Massachusetts Museum of Contemporary Art
Tree Logic by Natalie Jeremijenko, Installed in the Clocktower Courtyard, © Nicholas Whitman
North Adams, MA
From Paper to Print - Art of Eric Carle
"From Paper to Print," an exhibition on view October, 2000 in Kidspace at MASS MoCA, features 43 original illustrations, hand-painted papers, and storyboards by renowned children's book author and illustrator Eric Carle. Carle has created beautiful picture books enjoyed by readers of all ages for over 30 years. This exhibition provides a glimpse into Carle's artistic process and invites visitors to paint, make collages, and create original illustrations and stories.
Kidspace at MASS MoCA is both a child-centered art gallery where contemporary artists' work is shown and a studio where children can create innovative artwork of their own. This year Kidspace is working with every student and teacher from Brayton, Greylock, and Sullivan Schools in North Adams. Kidspace Coordinator Molly Polk describes the new exhibition as a show of beautiful pictures in Eric Carte's signature collage style. "in looking at these images, students will learn about Carle's process of making collages and picture books and they will also have the opportunity to experiment with this process themselves both in Kidspace and in their classrooms," said Polk.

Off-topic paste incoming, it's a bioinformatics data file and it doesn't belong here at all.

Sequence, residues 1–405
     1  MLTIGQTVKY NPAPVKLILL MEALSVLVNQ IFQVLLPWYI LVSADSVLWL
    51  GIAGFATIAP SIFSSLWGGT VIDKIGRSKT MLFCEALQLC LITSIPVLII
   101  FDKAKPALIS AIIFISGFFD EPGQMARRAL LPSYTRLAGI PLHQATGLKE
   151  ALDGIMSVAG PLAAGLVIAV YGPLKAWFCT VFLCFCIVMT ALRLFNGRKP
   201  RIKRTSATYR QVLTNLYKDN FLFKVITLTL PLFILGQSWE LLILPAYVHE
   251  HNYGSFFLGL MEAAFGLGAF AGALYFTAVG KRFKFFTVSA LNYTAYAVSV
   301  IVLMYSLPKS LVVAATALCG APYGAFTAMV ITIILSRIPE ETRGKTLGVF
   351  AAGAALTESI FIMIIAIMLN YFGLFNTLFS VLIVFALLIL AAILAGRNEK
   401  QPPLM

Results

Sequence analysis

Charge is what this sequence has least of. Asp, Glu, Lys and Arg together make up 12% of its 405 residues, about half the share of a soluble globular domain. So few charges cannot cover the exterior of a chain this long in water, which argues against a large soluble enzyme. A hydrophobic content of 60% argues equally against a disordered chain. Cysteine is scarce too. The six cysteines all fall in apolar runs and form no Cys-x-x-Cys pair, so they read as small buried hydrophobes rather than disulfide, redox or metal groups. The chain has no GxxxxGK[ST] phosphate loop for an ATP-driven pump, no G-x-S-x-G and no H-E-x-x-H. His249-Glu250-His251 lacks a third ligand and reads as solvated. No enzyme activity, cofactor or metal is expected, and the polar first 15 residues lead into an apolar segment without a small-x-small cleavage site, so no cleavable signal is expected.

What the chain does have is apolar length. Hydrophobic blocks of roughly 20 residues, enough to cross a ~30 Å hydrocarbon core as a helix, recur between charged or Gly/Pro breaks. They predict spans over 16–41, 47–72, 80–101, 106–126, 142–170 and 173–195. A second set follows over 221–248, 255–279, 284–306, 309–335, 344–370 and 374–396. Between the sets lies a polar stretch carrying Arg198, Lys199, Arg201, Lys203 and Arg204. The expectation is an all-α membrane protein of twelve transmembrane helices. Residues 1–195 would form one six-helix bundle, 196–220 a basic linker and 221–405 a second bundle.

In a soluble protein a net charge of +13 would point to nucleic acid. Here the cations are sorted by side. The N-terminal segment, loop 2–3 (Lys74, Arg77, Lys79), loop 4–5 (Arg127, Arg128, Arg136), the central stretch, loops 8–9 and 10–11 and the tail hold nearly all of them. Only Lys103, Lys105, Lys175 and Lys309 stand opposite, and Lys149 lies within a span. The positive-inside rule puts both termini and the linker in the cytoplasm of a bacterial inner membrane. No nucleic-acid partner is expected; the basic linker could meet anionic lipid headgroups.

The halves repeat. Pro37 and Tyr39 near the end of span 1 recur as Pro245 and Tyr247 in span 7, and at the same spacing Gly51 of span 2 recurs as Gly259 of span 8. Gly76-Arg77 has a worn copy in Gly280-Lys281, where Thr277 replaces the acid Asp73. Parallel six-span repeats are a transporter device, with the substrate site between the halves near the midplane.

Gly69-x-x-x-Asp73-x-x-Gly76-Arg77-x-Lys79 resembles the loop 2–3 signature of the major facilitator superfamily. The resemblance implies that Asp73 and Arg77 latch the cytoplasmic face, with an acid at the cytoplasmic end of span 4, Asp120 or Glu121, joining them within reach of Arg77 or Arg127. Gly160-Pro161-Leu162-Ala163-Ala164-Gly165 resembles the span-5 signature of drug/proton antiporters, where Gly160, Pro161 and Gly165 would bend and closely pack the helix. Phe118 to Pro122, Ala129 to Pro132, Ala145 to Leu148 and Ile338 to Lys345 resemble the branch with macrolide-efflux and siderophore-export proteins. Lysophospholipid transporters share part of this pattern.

A native of Syracuse, New York, Eric Carle and his parents moved to Germany when he was just six years old. After graduating from Germany's prestigious Akademie der bildenden Künste art school he followed his dream of returning to the land of his happiest childhood memories. He arrived in New York in 1952 and soon found a job as a graphic designer for The New York Times. When the striking picture of a red lobster that Carle had created for an advertisement caught the eye of respected educator and author Bill Martin Jr., Martin asked Carle to illustrate a book he had written. The result - Brown Bear, Brown Bear, What Do You See? - is still a favorite with children and adults everywhere. Today, Carle's best-known work, The Very Hungry Caterpillar, has sold over sixteen million copies and has been translated into over 30 languages.
Kidspace at MASS MoCA is made possible by the generous support of the Clark (Sterling and Francine) Art Institute, the Williams College Museum of Art, and MASS MoCA. Additional funding has been provided in part by the National Endowment for the Arts (a federal agency), the Massachusetts Cultural Council (a state agency), Wal-Mart, the Cherkis family, and the Brownrigg Charitable Trust in memory of Lynn Laitman.
MASS MoCA, the country's largest center for contemporary visual and performing arts, is housed on a vast 13-acre campus of restored factory buildings at 87 Marshall St. in North Adams, Massachusetts.
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